This post is written anonymously (see Petra’s story).
I outlined how my daughter Petra came to take Cymbalta on this blog a few months ago (see Petra’s story; also see Symbolta of Sorts). This post tells of events that led to her coming off the medication.
Petra is an enthusiast for motor sport events. She has been on track days, hill climbs and driver training events. She is a member of an Italian car club. She is a safe, smooth and confident driver, who has held a driver’s license since age 17 – for over six years now. She has had no disqualifications or accidents.
Shortly after starting Cymbalta, she noticed that alcohol seemed to affect her judgment while driving. So she stopped driving if she had had any drink. This was easy because at the time she would tend to drink quite heavily or not at all.
One afternoon she had two glasses of beer (8 oz each) while listening to music at a city venue. The event ran for most of the afternoon. She felt happy to drive home. On the way home she was stopped for a random breath test and to her horror recorded a 0.05 Blood Alcohol level on the police breathalyzer. Fortunately, the police officer decided that since the reading was exactly 0.05 and probably falling, she could wait in her car for a while and then continue home.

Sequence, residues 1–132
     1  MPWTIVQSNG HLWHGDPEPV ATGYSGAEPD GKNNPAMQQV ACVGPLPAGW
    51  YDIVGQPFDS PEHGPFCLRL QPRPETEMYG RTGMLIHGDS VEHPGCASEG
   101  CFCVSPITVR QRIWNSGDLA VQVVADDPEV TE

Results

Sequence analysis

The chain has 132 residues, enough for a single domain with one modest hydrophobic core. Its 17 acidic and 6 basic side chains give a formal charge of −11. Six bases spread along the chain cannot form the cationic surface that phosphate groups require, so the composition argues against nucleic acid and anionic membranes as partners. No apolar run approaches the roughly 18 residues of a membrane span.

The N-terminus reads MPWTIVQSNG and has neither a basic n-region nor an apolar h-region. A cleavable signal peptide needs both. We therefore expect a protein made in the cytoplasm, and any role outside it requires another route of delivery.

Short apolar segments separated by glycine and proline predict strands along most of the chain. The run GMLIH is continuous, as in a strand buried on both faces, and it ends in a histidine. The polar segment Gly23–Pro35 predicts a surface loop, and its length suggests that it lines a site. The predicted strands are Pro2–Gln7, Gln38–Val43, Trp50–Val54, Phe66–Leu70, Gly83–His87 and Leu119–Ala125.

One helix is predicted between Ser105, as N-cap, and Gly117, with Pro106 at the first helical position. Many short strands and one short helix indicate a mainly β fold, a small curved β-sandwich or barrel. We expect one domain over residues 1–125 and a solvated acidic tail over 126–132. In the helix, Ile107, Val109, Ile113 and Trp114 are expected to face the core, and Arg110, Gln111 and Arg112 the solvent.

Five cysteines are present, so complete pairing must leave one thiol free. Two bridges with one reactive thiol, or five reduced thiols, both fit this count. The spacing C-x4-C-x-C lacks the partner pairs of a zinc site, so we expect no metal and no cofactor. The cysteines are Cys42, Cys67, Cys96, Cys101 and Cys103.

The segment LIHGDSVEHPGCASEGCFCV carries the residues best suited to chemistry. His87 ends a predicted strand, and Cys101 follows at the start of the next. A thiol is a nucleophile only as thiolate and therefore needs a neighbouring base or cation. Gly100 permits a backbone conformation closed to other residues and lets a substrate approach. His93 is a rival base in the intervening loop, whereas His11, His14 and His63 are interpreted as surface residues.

This was very close to a disaster. In Australia a reading of 0.05 or higher means that your driver’s license may be suspended pending a court hearing, which is likely to result in a fine plus automatic license disqualification for a minimum of 3 months. The loss of independence and convenience and the loss of something that she takes pride in would have been a real blow.
I purchased an alcometer. A standard drink for Australian purposes is one that contains 10 gm (about 12.5 ml) of alcohol. One such standard drink can be expected to raise Blood Alcohol Content (BAC) by about 0.025 grams per 100ml of blood. BAC levels are commonly thought to fall at the rate of about 0.02 per hour.
We confirmed on several tests that Petra would return a reading of 0.04 per 375 ml of beer (this was 1.4 standard drinks). This was the first problem. The second was that the reading didn’t fall at the expected 0.02 per hour and her BAC would consistently show 0.08 for 2 beers and 0.12 for 3 beers consumed over 2-3 hours.
Petra’s friends, brother and myself all had much lower readings. The consistency of the tests was good. I also tested our device against a police roadside check and obtained the same result as the police device. Finding that Petra returned readings in excess of 0.2 after the consumption of several alcoholic beverages over quite long periods of time was a shock and a big concern. Clearly alcohol was going to be a serious problem for her under these circumstances.
Petra raised this with her doctor, whose response was dismissive – your device was ‘probably inaccurate’. A local pharmacist observed that some young women return much higher readings than expected and that this was probably ‘normal for them’. Our solicitor said that ‘Magistrates are not interested in young women who claim to have only had 2 drinks’.
Petra has now stopped Cymbalta. She says that alcohol does not now seem to affect her anywhere near as much.
So we ran the test again, with the same device as before. This time she returned a reading of 0.03 soon after the consumption of 2 x 375 mls beers, where the figure was 0.08 for the same drinks while taking Cymbalta. This is almost the same as her brother’s reading of 0.02 for the same consumption.